For the right, the white nationalist rally planned for yesterday was an epic failure.
But for humanity in general, it was a big success.
About two dozen racists showed up in D.C. on the anniversary of last year’s Charlottesville, Virginia, protest that resulted in one death.
This year’s march – Unite the Right 2 – was a lot smaller. Attendance was far short of the “hundreds” of people organizer Jason Kessler was expecting in his application for a permit.
The few rightwingers who showed up weren’t doing movement conservatism’s media image any favors. This man, for example, was motivated to go by anti-semitism.
Neo-Nazi Patrick Little is in DC (weird, since he's supposedly denouncing Unite the Right). He unexpectedly showed up minutes ago near the Occupy Lafayette protest, parading…….this sign around:
— Alejandro Alvarez (@aletweetsnews) August 9, 2018
A small stage was set up and a few unscheduled speakers addresses the group. The counterprotestors, who numbered in the thousands, chanted “Nazis go home!” and “Shame! Shame! Shame!” over the speakers.
Among the thousands of anti-racism counterprotestors who turned up was ResisDance, an LGBTQ organization that put together a dance party.
They had promised “lots of raging trans and queer dancers, rainbow biodegradable confetti, bumpin’ beats, and fabulousness,” and it looks like they delivered.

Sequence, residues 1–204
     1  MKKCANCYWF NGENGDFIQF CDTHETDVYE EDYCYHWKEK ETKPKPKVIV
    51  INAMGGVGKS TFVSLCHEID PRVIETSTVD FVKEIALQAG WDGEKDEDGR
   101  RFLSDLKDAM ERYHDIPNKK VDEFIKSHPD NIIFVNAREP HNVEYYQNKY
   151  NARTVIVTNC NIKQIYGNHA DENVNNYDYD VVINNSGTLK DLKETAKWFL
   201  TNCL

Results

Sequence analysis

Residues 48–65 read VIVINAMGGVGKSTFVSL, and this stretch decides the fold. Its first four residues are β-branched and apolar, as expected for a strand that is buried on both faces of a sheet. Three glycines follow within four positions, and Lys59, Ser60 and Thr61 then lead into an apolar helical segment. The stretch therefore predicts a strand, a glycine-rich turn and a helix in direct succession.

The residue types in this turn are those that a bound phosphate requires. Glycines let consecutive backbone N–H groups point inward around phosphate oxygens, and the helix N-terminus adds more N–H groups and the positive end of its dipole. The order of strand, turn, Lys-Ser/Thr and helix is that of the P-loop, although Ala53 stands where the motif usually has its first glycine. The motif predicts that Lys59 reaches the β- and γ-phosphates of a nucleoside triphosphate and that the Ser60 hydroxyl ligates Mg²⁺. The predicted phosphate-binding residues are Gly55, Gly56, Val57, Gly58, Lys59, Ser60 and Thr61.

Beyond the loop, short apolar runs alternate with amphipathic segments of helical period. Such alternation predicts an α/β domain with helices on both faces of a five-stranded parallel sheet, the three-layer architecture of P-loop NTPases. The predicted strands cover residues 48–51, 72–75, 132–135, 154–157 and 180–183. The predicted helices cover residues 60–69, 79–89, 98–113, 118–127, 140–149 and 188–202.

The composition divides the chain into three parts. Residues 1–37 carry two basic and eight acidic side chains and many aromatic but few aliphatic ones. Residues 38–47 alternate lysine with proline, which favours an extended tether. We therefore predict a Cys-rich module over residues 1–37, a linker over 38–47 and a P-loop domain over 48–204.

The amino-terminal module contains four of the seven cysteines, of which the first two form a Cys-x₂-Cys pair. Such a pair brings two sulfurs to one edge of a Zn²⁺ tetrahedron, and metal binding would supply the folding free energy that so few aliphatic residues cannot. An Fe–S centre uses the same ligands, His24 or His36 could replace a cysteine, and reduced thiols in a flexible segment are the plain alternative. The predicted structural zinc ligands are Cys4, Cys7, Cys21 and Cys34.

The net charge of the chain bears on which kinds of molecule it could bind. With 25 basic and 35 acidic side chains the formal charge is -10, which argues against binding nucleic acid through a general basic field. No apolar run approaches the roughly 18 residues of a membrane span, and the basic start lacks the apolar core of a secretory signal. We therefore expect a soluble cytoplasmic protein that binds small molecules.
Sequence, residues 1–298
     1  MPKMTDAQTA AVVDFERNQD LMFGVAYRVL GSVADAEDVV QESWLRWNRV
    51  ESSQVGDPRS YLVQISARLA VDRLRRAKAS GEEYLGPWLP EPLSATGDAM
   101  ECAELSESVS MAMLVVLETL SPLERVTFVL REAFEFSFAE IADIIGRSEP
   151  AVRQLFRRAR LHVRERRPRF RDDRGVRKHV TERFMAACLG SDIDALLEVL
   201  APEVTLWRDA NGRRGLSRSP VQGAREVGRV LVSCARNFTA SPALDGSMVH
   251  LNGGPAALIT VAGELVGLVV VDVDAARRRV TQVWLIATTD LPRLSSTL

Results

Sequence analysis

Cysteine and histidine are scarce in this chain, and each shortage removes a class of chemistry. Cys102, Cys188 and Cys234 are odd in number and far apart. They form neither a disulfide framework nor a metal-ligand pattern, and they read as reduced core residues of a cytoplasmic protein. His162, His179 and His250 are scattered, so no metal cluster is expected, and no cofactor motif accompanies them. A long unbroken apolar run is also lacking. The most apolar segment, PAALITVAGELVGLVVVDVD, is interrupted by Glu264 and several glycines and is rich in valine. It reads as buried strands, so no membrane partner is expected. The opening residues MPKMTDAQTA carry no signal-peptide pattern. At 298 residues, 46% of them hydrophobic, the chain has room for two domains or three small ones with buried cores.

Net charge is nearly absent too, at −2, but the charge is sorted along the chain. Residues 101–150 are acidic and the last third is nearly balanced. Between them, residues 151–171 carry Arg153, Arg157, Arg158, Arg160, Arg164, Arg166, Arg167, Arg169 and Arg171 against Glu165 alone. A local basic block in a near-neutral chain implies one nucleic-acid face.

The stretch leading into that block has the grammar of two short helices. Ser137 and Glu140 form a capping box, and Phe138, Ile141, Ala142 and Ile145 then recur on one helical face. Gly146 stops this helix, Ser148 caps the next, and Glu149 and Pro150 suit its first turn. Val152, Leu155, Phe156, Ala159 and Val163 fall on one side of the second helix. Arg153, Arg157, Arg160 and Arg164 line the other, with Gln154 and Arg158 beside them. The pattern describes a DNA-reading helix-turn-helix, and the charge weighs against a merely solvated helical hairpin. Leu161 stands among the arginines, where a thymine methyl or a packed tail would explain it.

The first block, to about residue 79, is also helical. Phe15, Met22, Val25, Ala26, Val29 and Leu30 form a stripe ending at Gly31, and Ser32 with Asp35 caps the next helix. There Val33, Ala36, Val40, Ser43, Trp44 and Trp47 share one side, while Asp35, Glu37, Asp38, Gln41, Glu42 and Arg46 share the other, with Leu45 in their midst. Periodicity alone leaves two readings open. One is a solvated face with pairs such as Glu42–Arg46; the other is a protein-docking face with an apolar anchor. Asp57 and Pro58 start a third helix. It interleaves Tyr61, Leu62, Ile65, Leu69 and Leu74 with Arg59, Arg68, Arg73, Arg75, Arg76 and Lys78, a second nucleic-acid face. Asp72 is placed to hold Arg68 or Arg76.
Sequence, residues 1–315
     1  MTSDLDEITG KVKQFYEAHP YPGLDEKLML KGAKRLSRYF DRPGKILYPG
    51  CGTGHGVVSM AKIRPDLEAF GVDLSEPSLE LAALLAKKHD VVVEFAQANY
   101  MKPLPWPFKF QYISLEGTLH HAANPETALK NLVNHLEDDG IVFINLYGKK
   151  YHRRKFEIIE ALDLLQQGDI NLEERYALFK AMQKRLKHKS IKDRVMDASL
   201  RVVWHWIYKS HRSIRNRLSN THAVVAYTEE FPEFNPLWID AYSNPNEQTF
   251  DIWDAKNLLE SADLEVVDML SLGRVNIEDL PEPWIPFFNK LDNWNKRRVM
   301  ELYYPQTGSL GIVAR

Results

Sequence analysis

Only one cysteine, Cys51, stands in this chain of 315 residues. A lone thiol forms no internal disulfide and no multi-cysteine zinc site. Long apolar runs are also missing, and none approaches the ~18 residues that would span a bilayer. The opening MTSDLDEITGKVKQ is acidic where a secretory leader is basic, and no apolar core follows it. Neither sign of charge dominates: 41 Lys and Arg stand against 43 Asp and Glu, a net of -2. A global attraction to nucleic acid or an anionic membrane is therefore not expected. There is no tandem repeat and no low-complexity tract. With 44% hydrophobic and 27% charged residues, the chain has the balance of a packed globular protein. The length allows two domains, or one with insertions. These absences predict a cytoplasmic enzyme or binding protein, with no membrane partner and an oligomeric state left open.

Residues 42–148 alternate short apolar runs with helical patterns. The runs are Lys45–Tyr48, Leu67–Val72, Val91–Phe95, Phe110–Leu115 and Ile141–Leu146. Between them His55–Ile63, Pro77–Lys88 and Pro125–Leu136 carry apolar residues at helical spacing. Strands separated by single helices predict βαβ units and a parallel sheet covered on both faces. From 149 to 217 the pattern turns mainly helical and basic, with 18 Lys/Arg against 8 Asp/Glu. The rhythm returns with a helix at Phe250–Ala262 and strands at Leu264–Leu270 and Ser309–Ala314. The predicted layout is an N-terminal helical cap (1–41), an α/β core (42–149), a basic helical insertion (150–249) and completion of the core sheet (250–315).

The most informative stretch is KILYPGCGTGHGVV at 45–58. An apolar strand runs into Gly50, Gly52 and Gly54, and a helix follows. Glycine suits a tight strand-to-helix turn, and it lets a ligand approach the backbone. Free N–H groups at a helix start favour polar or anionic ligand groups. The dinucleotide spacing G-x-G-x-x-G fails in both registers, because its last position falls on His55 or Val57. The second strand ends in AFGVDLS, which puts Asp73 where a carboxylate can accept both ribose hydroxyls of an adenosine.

— Aris Folley (@ArisFolley) August 12, 2018
— Michael Patrick Key (@MichaelKeyWB) August 12, 2018
The protest itself was a lot smaller than expected. When around 20 to 25 people turned out, Kessler, who organized the white nationalist protest, set out on the march to Lafayette Park several hours early to avoid the counterprotestors and the media.
There, they complained about the media and their own lack of organization, and then left. All in all, it wasn’t much of a protest.
One of the attendees was Dan, 19, from Long Island. He didn’t know that the others had marched hours before the scheduled time. When Vox‘s Zach Beauchamp asked him where the other protestors were, he said, “I don’t know.”
But don’t feel too bad for Dan, who went to the rally to advocate a “peaceful” ethnic cleansing in the U.S.
The counterprotest was a lot more lively.
Walt McGuire brought his daughter, Summit, to the counterprotest in Freedom Plaza. “It’s dumb,” 9yo Summit said of the white nationalists and their message. “I want people to know it doesn’t matter how young you are. You can make a difference and you should speak out.” pic.twitter.com/ccoQaD90o6
— Christal Hayes (@Journo_Christal) August 12, 2018
Big counterprotest contingent marching along Lafayette Park: “Whose streets? Our streets!” pic.twitter.com/WmafSaWFBJ
— Blake Montgomery 💀 (@blakersdozen) August 12, 2018